Last week, Donald Trump’s legal team managed to get through to him. Just a day after a Georgia grand jury indicted him for allegedly attempting to overturn the 2020 election results, the former president declared that he would hold a press conference the following week to counter the charges. However, this plan was short-lived as it was soon abandoned by Thursday. In a message on Truth Social, Trump stated, “My lawyers would prefer putting this, I believe, irrefutable and overwhelming evidence of election fraud and irregularities in formal legal filings as we fight to dismiss this disgraceful indictment.”
In essence, Trump’s lawyers seemingly persuaded him to acknowledge a fundamental right afforded to criminal defendants: the right to remain silent, even for a former president.
Despite the temporary relief his legal team might have provided, the underlying problem persists. Trump is renowned for his impulsive and provocative statements, whether delivered through rambling speeches or his social media outbursts. Throughout an extended and challenging legal journey, he will likely find numerous opportunities to share his thoughts on the multiple legal proceedings against him. This suggests that his lawyers might struggle to shield him from his own tendencies. Whit Ayres, a seasoned GOP strategist, aptly sums it up, stating, “No one has been able to manage Donald Trump, including Donald Trump. The effort to do so is virtually hopeless. I can’t imagine being his defense attorney in one of these trials. You’d have to drink a case of Maalox every morning just to get through the day.”
Nonetheless, Trump has proven skillful at transforming scandal into political advantage. His adeptness at navigating challenges and his knack for showmanship could aid him in securing the Republican nomination. With each indictment, his popularity in the polls has risen. However, this strategy carries inherent risks, as Trump’s statements could potentially be turned against him in court.
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Norm Eisen, who served as counsel for House Democrats during Trump’s first impeachment, emphasizes the potentially damaging impact of Trump’s remarks. These statements could exacerbate existing charges, lead to new charges, and even be used as evidence of admissions during trial. They also pose the risk of witness intimidation or harassment, violating release terms in federal and state law.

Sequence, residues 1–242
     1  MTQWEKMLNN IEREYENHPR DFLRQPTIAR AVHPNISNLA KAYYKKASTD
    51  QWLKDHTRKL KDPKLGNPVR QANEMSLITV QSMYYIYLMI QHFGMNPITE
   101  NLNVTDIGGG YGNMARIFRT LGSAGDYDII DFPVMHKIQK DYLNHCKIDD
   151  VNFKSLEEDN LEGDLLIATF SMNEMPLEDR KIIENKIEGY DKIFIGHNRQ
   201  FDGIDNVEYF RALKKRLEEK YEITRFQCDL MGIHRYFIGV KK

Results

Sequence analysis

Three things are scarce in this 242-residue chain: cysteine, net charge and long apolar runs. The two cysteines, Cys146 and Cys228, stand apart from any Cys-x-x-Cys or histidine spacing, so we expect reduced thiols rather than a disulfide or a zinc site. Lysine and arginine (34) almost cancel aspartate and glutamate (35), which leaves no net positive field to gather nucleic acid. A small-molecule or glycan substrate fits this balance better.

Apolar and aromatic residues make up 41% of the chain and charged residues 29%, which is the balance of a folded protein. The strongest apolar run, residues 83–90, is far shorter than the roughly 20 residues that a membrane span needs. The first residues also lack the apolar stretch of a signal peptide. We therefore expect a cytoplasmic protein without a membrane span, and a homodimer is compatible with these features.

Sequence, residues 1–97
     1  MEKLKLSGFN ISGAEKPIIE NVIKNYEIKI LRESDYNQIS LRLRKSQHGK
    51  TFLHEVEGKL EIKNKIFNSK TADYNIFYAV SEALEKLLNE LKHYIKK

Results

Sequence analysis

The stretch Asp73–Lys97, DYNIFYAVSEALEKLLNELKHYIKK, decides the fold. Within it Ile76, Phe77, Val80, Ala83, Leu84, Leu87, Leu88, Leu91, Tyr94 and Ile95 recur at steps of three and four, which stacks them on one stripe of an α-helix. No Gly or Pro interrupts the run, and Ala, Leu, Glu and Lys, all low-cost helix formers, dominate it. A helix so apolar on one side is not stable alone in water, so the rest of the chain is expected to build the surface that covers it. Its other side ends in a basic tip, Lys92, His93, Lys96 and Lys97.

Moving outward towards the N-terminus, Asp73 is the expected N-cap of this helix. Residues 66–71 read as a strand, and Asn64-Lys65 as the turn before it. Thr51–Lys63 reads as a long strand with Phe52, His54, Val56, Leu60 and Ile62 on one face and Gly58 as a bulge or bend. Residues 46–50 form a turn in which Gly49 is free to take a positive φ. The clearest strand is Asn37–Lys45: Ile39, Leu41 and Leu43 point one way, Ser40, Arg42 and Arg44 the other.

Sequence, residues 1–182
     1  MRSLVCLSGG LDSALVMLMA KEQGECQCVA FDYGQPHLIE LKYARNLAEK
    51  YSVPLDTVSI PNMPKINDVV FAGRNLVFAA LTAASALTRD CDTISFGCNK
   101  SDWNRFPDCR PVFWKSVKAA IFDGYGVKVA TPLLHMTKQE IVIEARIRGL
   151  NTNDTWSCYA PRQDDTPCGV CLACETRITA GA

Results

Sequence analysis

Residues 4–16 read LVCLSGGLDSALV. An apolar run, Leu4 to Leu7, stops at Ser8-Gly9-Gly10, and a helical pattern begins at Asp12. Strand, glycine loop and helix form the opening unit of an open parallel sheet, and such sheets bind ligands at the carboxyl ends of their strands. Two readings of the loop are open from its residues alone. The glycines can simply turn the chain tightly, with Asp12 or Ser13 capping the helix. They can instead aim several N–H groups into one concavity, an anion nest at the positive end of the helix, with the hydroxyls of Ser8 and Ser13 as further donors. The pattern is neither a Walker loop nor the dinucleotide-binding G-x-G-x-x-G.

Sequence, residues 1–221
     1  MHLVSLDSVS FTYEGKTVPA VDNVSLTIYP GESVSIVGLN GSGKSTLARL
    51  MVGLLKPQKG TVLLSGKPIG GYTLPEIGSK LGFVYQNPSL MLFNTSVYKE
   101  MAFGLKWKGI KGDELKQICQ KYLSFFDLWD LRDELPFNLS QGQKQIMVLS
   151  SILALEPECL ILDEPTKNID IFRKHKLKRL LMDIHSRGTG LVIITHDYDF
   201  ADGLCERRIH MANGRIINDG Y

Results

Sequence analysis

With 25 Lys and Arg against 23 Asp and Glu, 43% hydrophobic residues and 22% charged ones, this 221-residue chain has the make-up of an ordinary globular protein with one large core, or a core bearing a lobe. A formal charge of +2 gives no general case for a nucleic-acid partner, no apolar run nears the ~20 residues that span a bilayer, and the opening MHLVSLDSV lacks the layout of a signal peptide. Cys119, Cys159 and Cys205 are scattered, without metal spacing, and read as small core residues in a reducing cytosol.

The attorneys for Special Counsel Jack Smith have already alerted the overseeing judge in the federal election subversion case about a Truth Social post by Trump that appeared to threaten potential witnesses. While Trump’s campaign asserted that the post was a warning to his political adversaries, its wording left room for interpretation. Such language could also create complications in Georgia, where a $200,000 bond agreement stipulates that Trump refrain from intimidating witnesses or co-defendants, including on social media.
This dilemma underscores the dual nature of Trump’s attempt to align his political and legal strategies. Temidayo Aganga-Williams, a former federal prosecutor, highlights the power of using a defendant’s own statements in court, suggesting that jurors would be advised to treat Trump like any other individual.
Trump has portrayed the four separate indictments against him as politically motivated, aimed at impeding his potential return to the White House. His legal team argues that his actions, including spreading election fraud allegations, are protected by the First Amendment. They contend that he genuinely believed in his claims, implying an absence of criminal intent.
While Trump’s attorneys work to absolve him in court, his campaign has capitalized on his legal predicament on the campaign trail. Each arraignment has been followed by fundraising appeals and merchandise featuring fake Trump mug shots. This approach has been effective, with Trump leading the GOP field in most surveys by a significant margin.
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The Republican base’s strong support for Trump explains why many opponents have refrained from attacking him over his legal troubles. Instead, they appear to believe that the numerous ongoing criminal cases pose the greatest threat to his presidential aspirations. A looming question is whether any of these cases will be resolved before voters cast their ballots in the next year.
Special Counsel Jack Smith has requested a January trial date for the election case, while the federal judge overseeing the Mar-a-Lago documents case has set a trial date for May 2024. Some former prosecutors speculate that Smith aims to expedite these cases to prevent Trump from potentially ending them if he were to win the election. The Justice Department’s policy against interfering in elections adds urgency to concluding these cases.
Fulton County District Attorney Fani Willis has more leeway, operating independently of the federal government. This enables her to continue prosecuting Trump even if he holds the presidency. This may explain why she has pursued an intricate case, bringing racketeering charges against Trump and 18 associates for alleged conspiracy to invalidate Joe Biden’s election victory. It might also be a reason Trump’s lawyers intervened to halt his planned press conference, which was expected to promote discredited election fraud claims central to the Georgia indictment.
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“In my more than three decades as a criminal defense lawyer,” says Eisen, “the first instruction I gave my client at the very first meeting was: Shut up about this case. Do not talk to anyone. You do not know how that is going to come back to harm you.”